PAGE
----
Lost September & Read-alongs

It’s the end of September and this is my first post of the month. Over the years I’ve missed posting for a week here & there, but never a whole month. We’re currently selling our house in Illinois and looking for one in New England. We’ve never sold a house before and the experience is a bit of a nail-bitter. Conversations, paperwork, appointments, repairs, traveling, and packing have gobbled up my blogging time. And as for reading, I’m lucky to get in a half hour before passing out at night. But if it sounds like I’m complaining, I’m really not. I am so excited to move to New England. So much history to explore! So many new libraries to visit!

On to the books:

I did manage to read Laurie Halse Anderson’s CHAINS for War Through the Generation’s American
Revolution reading challenge read-along this month. Chains is the story of a thirteen year old slave, Isabel, set during the early days of the Revolutionary War. Her benevolent master in Rhode Island dies and had willed Isabel and her younger sister to be freed upon her death, but a nasty family member sells the girls to a couple from New York who are Loyalists. Isabel’s new mistress is selfish and mean. Isabel struggles within the house to keep her little sister with her and Rebel activity is complicating matters both inside and outside the house.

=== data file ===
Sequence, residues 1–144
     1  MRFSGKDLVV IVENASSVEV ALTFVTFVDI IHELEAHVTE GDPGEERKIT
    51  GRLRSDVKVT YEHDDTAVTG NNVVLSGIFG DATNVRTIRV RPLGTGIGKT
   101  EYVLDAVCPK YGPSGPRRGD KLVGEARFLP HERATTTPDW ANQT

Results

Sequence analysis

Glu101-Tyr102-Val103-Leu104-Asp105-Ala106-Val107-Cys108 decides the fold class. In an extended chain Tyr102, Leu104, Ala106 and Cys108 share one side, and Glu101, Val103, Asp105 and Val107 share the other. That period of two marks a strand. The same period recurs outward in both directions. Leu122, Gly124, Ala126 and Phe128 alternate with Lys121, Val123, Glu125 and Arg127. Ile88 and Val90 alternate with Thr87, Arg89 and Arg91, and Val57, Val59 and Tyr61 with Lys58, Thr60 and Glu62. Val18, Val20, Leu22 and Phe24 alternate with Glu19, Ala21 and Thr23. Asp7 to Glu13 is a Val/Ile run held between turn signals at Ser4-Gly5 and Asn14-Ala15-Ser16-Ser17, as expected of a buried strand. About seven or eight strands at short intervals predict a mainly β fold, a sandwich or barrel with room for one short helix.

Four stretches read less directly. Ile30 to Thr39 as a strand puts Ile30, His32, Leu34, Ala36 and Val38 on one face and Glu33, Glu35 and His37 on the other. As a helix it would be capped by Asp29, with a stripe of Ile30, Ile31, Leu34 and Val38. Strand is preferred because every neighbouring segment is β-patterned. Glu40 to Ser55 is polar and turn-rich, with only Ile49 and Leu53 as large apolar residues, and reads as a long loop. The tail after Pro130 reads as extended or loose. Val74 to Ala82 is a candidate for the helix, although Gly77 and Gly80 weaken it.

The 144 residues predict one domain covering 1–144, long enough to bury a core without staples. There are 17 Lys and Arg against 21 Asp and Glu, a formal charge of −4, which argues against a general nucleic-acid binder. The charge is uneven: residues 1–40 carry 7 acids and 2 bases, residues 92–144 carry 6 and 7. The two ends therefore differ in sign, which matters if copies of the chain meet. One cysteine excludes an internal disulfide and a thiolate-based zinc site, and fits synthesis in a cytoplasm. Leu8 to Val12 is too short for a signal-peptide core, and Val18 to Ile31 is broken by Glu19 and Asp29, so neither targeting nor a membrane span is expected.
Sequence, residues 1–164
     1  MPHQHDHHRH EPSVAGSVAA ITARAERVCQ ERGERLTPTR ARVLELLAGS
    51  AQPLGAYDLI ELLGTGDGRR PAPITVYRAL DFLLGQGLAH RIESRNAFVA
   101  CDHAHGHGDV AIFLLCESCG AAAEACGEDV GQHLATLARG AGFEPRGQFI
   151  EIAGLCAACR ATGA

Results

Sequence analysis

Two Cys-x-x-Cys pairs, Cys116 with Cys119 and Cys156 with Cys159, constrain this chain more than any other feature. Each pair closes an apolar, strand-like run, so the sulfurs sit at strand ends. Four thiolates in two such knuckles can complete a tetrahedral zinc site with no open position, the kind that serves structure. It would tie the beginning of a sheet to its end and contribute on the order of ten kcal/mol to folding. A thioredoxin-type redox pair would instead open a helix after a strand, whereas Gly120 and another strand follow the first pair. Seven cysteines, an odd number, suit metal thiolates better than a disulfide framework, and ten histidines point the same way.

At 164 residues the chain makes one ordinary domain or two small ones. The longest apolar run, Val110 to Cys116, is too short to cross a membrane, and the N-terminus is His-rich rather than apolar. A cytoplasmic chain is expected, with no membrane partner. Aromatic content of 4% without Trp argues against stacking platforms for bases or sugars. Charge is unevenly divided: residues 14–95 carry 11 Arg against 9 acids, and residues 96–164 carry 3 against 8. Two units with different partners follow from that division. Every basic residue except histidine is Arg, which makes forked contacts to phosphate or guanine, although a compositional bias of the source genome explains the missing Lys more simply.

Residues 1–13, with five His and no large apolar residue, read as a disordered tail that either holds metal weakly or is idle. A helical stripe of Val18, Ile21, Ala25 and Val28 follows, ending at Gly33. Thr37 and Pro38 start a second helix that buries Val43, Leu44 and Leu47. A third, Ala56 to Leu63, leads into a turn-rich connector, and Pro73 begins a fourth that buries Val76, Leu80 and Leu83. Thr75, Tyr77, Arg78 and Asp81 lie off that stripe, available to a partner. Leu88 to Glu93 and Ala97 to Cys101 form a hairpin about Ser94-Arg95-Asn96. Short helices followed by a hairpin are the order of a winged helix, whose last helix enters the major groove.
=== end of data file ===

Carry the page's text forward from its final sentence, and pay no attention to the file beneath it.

Anderson is skilled at walking the line between historical accuracy and presenting an interesting character that appeals to today’s readers. I cared about Isabel, wanted the mistress to get hers, and enjoyed the historical details. Chains was a National Book Award finalist and won the Scott O’Dell Award for Historical Fiction. I especially enjoyed the Q&A appendix which makes it very, very clear that yes, slavery not only existed but thrived in the northern colonies. And I don’t remember if I never knew this or if I repressed it, but I was surprised to learn that Benjamin Franklin owned slaves. He’s my favorite founding father and I supposed I wanted him to be above all that.

Currently I’m reading DOCTOR SLEEP by Stephen King. I read The Shining back in the early 1980s

when I was in high school and loved it. I re-read it in 2009 and loved it again for different reasons. As a teen I could relate to how it felt to live with an angry, out-of-control father. As an adult I read it as an allegory of how Corporate America expects employees to sacrifice everything, even their families, for the sake of the company (anyone who had a few years under their belt as a manger at Borders in 2009 may understand where I’m coming from). I was surprised and thrilled to hear King was coming out with a sequel and am currently 15% into the book. Its going to be an exhausting read, in the best sense of that wrung-out feeling. King fans know what I mean.